On Thursday, we released Delon Kanari‘s (60 kg, NMU/OTS) Russian tour journal, a collection of insights Kanari logged over the past week as the US athletes trained in St. Petersburg. We requested the same from New York native and Kanari’s fellow NMU athlete Raffaele Masi (60 kg) in effort to widen the spotlight on what it is developing Greco pugs go through when they travel overseas.
Both Kanari and Masi, though with varying styles, hit on common themes. Masi readily acknowledges the technical differences at play between he and his Russian counterparts, but also intimates that the experience served as an inspiring catalyst towards summoning the devotion and desire necessary to compete at the level of difficulty most associated with Eastern European athletes.
But — Masi isn’t quite through yet. On Saturday, he and the US Seniors still on the tour are set to compete in Sweden’s Haparanda Cup. And following that event will be one more training camp before the trip concludes with the Haavisto Cup in Finland on December 8th.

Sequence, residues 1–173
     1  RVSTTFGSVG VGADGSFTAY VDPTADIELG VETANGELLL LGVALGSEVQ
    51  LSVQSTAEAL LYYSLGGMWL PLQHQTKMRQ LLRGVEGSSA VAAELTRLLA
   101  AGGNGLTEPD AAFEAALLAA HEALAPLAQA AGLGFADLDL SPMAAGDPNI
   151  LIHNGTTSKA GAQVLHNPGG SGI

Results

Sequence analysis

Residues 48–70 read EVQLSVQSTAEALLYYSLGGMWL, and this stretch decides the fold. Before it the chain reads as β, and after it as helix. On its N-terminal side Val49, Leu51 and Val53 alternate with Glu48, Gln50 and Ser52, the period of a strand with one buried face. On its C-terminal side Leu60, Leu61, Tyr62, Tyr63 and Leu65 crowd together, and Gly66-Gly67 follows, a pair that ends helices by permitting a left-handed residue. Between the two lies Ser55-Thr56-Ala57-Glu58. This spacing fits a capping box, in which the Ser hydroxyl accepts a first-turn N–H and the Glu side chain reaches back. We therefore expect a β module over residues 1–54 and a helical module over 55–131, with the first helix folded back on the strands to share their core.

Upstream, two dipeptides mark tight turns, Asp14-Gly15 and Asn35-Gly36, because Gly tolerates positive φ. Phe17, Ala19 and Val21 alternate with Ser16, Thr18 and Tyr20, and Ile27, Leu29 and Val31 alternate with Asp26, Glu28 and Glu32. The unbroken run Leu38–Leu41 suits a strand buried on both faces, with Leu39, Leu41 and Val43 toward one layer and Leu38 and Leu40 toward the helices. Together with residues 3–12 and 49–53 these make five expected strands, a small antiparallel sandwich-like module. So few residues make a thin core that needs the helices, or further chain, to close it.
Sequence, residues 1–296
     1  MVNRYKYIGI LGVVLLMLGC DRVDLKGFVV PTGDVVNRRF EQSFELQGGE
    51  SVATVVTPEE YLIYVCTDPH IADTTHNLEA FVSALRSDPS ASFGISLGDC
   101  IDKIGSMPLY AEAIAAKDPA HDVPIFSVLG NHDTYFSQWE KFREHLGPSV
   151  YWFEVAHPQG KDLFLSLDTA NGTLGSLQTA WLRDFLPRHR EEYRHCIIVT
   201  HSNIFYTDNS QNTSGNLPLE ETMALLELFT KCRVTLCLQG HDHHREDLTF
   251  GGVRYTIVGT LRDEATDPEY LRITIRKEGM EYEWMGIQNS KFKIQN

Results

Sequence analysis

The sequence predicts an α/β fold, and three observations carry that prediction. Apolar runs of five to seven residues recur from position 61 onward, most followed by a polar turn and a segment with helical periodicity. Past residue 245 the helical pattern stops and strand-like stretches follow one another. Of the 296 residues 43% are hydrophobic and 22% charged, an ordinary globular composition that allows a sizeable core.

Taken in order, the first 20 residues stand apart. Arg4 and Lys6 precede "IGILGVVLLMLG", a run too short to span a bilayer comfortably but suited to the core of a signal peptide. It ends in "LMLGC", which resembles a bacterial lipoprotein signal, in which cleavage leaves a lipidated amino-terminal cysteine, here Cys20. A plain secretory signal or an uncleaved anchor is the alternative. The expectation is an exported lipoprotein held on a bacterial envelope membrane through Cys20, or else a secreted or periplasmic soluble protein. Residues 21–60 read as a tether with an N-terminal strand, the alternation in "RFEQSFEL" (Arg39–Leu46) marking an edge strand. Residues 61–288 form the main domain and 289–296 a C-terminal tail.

Raffaele Masi — 60 kg, NMU/OTS
“Full disclosure, I got destroyed at the Lavrikov tournament. I wrestled a Russian who teched my teammate before me. My match with him was not much different. I figured that Russia would be a place where my perspective of ‘good’ wrestling would be changed, and the experience proved me right. Honestly, I feel so grateful for that match. It was my first match since I began training at the Northern Michigan University Olympic Training Site, and truly, the beginning of my Greco-Roman wrestling career. That match reinvigorated me and I fell in love with wrestling all over again.
“I could not wait to begin our training camp in Russia. The club that hosted the USA guys was awesome. It was really cool to see such a big sporting complex dedicated to grappling combat sports. I wish there were more of those back in the states. I feel like the support Russia gives their wrestlers plays a big role in their success on the mat. Many of the tournament’s champions trained at this club, so it was a great opportunity for us to learn a lot and improve on our wrestling.
“It became clear almost immediately that the biggest difference between Russian wrestling and USA wrestling is that they seem to have a much deeper understanding of how to wrestle in the par terre position, both on top and on bottom. I was able to pick up on some nuances that I know will help me in my career. I am thankful for how willing the Russians were to show us techniques and give us pointers during the camp. Russia was a great experience and I am excited for the next leg of the tour in Sweden.”
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